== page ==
Last up for the 1st Oscar for Best Picture is the film that garnered more nominations at the 1st ceremony than any other: Seventh Heaven, which ended up winning for its director, Frank Borzage, as well as actress Janet Gaynor, who also won that year for Sunrise and 1928’s Street Angel. To best describe my ending emotions about this one, here was my experience actually watching Seventh Heaven: I got through the first half, generally enjoying the setting of the film as well as how the plot was moving along… and then I paused it to eat some lunch. I got back, started it again, and for some magical, mystical reason, the film started to make all the wrong decisions when it came to developing its story further, throwing away everything good it had been doing up to then to instead pile on melodramatic story devices and dialogue. It was an almost disgusting amount of whiplash, and it was only Gaynor and Borzage’s direction that kept me going through the rest of the film.
Where Wings opted for the wow factor, and The Racket was more of a prenatal gangster picture, Seventh Heaven is all melodrama, and has Janet Gaynor and actor Charles Farrell falling in love despite several obstacles, chiefly a very abrupt obstacle thrust into the middle of the second act out of freaking nowhere. Farrell is Chico, a lowly sewer worker in Paris, who dreams of making a better life for himself as a street-washer (apparently the ladder of achievement and progress is not as elevated in Paris as it was in the States back then). Gaynor is Diane, who lives with her domineering and physically abusive sister. When Diane ends up ruining the sister’s chances at getting back in good with her family, she takes Diane out into the street and begins beating her, where she is saved by Farrell’s Chico, who gives her some food and, after feeling sorry for her, lies to the police and says she is his wife to avoid her being taken away. As this is a melodrama, you can see where this is going, and rest assured, obstacle after obstacle are thrown at the pair to challenge their fates of ending up together. The film starts out simple; following the street lives of its two main characters and how they meet, and developing the setting of the film rather nicely. I was really surprised, however, at how slow the plot seemed to develop; when I paused to eat lunch, after Chico had brought Diane to his home, I was actually surprised to find that the film at that point was already halfway over. It seemed the film was eschewing standard plot conventions in favor of laying on the romantic melodrama through its focus on the actions of the characters… Then, all of a sudden, a conscription notice was displayed on the screen, and Chico’s friend comes to tell him that the war has arrived and their regiment is to leave within the hour. Mind you, this is directly after Chico and Diane have agreed to marry each other; there isn’t even a break between segments, it’s the same exact scene that continues into this abrupt intrusion of the war angle of the story. From there, the film turned incredibly awkwardly into the most melodramatic scene in the entire picture, followed by a bunch of war scenes that felt wholly out-of-place with how the picture had been going up to then. I was left stymied at where and why the film had gone so wrong, and the film still continued, opting for the weirdest obstacles to throw into the mix and have the film call it plot development and conflict. Adding to that was the actual writing for some of the title cards, which could’ve been a tad less on-the-nose; there was one title card where a policeman enters the home of the main character, and a dialogue card pops up saying “I am a police detective–” and that’s all, and I had a chuckle at it despite myself.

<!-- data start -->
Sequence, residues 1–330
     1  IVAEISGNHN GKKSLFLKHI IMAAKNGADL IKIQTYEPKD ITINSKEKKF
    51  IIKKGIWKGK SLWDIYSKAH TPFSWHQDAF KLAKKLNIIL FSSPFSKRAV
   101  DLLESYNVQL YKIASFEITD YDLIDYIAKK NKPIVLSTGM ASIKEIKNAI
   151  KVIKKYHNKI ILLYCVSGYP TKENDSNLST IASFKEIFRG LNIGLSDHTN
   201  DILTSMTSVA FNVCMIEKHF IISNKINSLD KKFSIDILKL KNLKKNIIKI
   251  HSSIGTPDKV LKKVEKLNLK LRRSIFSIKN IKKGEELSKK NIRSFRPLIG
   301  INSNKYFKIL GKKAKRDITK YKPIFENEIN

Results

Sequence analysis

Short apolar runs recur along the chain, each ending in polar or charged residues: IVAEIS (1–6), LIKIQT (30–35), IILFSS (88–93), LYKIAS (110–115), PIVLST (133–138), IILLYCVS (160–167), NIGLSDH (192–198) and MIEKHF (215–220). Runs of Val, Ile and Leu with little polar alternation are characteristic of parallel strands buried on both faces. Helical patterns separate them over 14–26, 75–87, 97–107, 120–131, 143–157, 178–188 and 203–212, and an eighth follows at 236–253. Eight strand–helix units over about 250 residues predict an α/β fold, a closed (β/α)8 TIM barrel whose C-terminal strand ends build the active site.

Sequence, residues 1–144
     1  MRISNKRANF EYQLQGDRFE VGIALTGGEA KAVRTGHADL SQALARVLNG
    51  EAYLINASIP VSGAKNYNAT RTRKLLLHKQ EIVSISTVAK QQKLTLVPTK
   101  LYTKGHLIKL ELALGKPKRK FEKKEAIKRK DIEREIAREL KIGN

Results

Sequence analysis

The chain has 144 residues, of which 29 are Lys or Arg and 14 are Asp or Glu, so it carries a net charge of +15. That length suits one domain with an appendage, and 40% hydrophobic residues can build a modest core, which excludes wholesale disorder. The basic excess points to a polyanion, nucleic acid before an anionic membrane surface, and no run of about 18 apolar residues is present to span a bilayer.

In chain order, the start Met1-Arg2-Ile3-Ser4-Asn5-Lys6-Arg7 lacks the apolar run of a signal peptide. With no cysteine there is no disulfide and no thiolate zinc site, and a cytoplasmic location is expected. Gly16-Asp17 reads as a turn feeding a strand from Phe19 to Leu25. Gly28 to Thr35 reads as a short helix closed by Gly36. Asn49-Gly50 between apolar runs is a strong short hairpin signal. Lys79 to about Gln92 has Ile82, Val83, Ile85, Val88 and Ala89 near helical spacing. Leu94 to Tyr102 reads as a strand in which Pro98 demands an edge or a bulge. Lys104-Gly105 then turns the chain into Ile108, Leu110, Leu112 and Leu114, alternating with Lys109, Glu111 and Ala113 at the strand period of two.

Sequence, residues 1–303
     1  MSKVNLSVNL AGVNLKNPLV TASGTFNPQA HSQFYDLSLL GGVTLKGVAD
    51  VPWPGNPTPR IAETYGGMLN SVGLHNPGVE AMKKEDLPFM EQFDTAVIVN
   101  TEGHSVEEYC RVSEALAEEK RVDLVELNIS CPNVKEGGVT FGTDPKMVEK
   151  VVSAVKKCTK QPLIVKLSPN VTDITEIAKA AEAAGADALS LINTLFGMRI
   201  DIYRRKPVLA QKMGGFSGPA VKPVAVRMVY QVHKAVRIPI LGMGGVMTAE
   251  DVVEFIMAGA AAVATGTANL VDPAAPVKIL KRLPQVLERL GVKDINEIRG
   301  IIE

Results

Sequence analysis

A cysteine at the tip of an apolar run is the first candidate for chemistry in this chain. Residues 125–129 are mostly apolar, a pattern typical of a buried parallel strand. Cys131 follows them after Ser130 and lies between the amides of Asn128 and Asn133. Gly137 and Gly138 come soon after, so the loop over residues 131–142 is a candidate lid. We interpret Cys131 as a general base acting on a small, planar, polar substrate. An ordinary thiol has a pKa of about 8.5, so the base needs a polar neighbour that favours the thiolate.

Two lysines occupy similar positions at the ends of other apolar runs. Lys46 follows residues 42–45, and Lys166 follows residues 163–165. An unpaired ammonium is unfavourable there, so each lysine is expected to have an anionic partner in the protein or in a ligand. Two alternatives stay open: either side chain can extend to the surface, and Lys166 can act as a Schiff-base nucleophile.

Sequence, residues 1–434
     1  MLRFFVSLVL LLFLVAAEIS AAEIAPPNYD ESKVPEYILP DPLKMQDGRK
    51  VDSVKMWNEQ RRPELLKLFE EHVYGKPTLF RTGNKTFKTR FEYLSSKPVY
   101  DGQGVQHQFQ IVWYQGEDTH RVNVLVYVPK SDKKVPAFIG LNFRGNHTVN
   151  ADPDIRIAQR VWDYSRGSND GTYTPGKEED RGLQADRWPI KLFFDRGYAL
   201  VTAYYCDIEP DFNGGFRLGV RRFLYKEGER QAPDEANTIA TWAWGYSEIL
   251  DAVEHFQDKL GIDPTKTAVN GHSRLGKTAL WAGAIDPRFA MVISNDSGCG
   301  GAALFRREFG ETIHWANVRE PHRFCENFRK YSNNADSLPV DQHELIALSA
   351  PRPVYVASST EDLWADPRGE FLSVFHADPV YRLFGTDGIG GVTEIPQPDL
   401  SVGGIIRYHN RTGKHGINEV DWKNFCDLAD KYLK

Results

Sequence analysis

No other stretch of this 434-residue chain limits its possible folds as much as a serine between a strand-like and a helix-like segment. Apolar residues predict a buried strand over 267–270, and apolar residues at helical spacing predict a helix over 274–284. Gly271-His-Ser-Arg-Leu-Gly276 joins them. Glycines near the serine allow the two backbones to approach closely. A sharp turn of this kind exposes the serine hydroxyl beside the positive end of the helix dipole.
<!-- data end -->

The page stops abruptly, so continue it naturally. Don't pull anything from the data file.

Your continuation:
I had so many problems with the plot of this one that I actually barely paid attention to the third act, instead spending the time avidly typing notes into my Notepad file that would end up becoming this review, having mostly checked out of the film after the unbelievably melodramatic middle scene where Chico and Diane agree to marry. The development of that scene, and really the whole second act, spelled out a good example of what I felt was 7th Heaven’s biggest problem. Where the development should’ve been about Farrell’s character growing accustomed to Gaynor’s presence and slowly but surely falling for her, the film instead opted to excise that notion and kept it to three scenes: one of him reminding Gaynor that after the police come to check on their story she needed to go, the following scene where he tells her after the police come she can stay as she ‘isn’t in the way’, and the scene after that, which has them awkwardly declaring their love and deciding to marry. Where’s the development of the relationship that was supposed to lead to these moments? Wherever it was, it was also the graveyard of the film’s sense of genuine, natural story development, with the war angle thrown against the wall of the film’s narrative so hard I might have actually physically flinched when I fully realized it had happened. I gotta give credit to Gaynor, for being such a darling, and Borzage, who despite the film’s poor decision making does do an admirable job setting the film’s mood and charisma, but other than that, wow did this one hit a straight fastball way into the left-field foul zone, and then proceeded to parade around the bases as if it had just hit a home run. To some, that ball did soar awfully high into the air, but for me, the film may as well have been holding the bat upside-down for all the good it did and how well it went about doing it.
Arbitrary Rating: 6/10